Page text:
Except that the force can be applied from internal stresses left behind inside the plastic by the manufacturing process (it doesn't have to be caused by the user).

 

I havent seen anything in this thread to make me want to correct the advice to leave the nib and feed as set by the factory. 

 

I agree - no point doing it unless there's some difficult cleaning to be done, and that should be avoided through good routine maintenance.



#17 Nibbler

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Posted 21 February 2018 - 19:46

Right, well... 

 

Firstly thank you everyone for your responses. I appreciate the time and attention whatever side of the argument you might fall on. 

 

Secondly, angst? No, none here, just polite, well argued differences. 

 

Thirdly, with regard to this pen - whilst I am a serial flusher, I don't pull the nib quite every time, but, it does seem to me that if you give people a spanner and a clear pen (and they own lots of ink) then what do you expect? However, I'm a very careful nib handler, I'm used to disassembling pens old and new. The Eco comes apart very easily so doesn't involve anything like the stress you need to get a P51 apart for instance. I don't think it's possible to push the nib/feed in too hard as the end of the feed hits a ridge or something inside. The setting of the nib is really very easy and the pen is well designed/engineered to come apart/be put back together and (with the spanner) is obviously part of the appeal IMHO.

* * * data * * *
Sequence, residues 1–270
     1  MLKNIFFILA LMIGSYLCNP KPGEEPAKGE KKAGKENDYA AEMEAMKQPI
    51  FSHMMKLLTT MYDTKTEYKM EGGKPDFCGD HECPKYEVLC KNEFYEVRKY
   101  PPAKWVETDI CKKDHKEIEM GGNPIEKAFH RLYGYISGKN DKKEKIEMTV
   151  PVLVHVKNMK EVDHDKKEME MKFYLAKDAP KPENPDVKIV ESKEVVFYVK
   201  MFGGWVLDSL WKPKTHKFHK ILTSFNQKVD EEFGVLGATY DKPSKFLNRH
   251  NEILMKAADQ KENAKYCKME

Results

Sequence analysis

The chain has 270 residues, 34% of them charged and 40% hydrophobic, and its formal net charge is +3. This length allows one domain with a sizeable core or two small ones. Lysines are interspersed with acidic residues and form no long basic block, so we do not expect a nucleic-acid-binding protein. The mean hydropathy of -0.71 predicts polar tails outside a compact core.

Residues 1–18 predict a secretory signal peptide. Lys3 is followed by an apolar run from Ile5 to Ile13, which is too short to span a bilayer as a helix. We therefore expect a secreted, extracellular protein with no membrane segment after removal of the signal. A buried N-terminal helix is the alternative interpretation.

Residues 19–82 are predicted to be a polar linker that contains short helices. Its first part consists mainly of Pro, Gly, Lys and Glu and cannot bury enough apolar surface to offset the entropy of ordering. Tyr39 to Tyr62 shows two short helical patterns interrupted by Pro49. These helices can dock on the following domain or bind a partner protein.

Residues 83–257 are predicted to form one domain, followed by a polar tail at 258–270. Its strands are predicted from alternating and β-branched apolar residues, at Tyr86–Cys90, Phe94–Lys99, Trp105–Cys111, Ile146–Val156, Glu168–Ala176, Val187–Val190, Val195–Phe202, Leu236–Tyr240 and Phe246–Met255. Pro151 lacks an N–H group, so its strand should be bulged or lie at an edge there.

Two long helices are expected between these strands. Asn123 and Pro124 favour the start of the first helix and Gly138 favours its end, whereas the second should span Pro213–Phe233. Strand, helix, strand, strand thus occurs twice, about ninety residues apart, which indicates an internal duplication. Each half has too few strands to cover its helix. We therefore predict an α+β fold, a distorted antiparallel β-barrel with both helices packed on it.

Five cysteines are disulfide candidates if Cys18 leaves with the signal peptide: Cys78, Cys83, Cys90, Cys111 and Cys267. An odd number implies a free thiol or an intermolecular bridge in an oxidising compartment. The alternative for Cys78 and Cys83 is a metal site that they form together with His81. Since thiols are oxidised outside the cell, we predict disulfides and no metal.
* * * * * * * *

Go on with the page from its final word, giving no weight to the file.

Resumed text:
Fourthly, Doyou is a vastly underrated ink in my opinion. It's a lovely lubricated smooth ink to use and has a gentle silver sheen. I use it instead of black often and yes, it does really seem to clean pens. I have experienced staining (from Oxblood) in my Prera demonstrator, which disappeared after a tank of Doyou. Definitely worth a try. 

 

Lastly, thank you for the contact details for TWSBI, I will email the photo and see what they say. They are indeed an excellent company, so hopefully... I'll let you know how I get on. 


Edited by Nibbler, 21 February 2018 - 19:47.


#18 Drubbing

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Posted 22 February 2018 - 00:23

 

 

He must be new.

 

:unsure:

 

 

Obviously the pens are not going to crack without some force being applied and that force is most likely to be from the user inserting the nib and feed into the pen section and twisting the assembly in order to produce a tighter fit.

 

The Twsbi instructions are silent in terms of whether the feed should be twisted or pulled straight out and back in as you describe. I think that it would be natural for persons inserting the feed to turn the nib and feed until it feels as if it is seated correctly.

 

I havent seen anything in this thread to make me want to correct the advice to leave the nib and feed as set by the factory.